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I am an absentee owner keeping my boat in Florida. A hurricane plan is good, and if your boat is insured in Florida the company will require it. Most insurers will also require that you have someone who is a licensed captain to look after the boat. He can also be the one designated to move the boat if needed. You will also have to register the boat in Florida. I keep my boat in a marina where there is a possibility of more eyes for security and catching something wrong.
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Old 04-23-2018, 07:47 AM   #3
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Greetings,
Mr. TL. Welcome aboard. Our boat has been in FLL for the past 3 or 4 years. We are occupying a live aboard slip behind a building in the canals. $1K/month. I expect storage only will be less as we have researched alternate accommodations in the past. Our problem is that when we visit it may be for a week or longer and may or may not decide to leave the dock and the storage only places stipulate you cannot stay aboard any longer than a day or overnight.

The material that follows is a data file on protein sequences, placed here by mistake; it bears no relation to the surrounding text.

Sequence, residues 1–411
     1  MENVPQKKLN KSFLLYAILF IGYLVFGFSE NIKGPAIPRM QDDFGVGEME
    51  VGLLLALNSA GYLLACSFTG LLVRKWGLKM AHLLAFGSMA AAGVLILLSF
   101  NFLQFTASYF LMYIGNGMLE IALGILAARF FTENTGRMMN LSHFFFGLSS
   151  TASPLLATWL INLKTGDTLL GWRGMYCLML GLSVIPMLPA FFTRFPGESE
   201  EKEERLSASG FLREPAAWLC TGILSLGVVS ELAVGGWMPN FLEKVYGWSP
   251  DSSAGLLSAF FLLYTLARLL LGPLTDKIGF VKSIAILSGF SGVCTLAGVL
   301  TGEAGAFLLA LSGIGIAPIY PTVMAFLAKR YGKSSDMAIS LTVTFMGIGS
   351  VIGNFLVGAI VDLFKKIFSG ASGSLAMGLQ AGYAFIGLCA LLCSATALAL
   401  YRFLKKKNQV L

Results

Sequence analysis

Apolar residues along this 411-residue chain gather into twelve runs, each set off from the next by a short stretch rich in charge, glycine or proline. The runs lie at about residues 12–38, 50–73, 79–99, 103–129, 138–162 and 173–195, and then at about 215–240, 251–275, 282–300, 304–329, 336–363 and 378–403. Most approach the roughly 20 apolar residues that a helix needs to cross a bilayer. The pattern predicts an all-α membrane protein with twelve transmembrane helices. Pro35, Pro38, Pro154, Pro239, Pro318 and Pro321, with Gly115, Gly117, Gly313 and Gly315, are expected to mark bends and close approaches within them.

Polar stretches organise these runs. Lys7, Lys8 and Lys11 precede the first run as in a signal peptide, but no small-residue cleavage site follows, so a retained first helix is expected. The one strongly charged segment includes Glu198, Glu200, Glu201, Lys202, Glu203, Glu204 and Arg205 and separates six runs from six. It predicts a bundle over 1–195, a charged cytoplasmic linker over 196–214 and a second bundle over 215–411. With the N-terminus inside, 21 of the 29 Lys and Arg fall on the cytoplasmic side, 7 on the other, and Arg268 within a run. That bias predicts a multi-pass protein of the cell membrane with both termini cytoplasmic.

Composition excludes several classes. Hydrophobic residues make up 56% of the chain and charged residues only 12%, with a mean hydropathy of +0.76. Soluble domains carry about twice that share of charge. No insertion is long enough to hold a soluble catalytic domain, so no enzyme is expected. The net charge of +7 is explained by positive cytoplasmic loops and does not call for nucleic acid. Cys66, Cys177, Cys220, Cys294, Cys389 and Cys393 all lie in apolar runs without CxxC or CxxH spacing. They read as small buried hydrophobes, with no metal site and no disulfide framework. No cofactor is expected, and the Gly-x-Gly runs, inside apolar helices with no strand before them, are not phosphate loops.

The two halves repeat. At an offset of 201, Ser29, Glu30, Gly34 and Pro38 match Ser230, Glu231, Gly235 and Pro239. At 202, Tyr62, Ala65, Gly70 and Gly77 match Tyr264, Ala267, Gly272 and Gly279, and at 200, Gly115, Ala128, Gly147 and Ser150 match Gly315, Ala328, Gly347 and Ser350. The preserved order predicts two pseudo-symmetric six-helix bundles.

Yup, monthly diver time. Best to keep on top of the maintenance. Just a note in passing... Bottom painting appears to be atrociously expensive in FLL so that may determine your ultimate FL location. You might consider the west coast. Perhaps the Ft. Meyers area. Close to the Keys and close to the trans FL canal system via Lake Okeechobee that would put you within striking distance of the Bahamas without going around the end of the state. Takes 2 days to transit, as I recall. Keep in mind, the water IS skinnier on the west side.

Insurance? Sorry, can't help ya there...
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Old 04-23-2018, 09:38 AM   #4
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Keeping in theme of original OP's post, Moonstruck, do you find it difficult finding someone to look after the boat, do you also have on-board systems for monitoring? Thanks, interesting thread.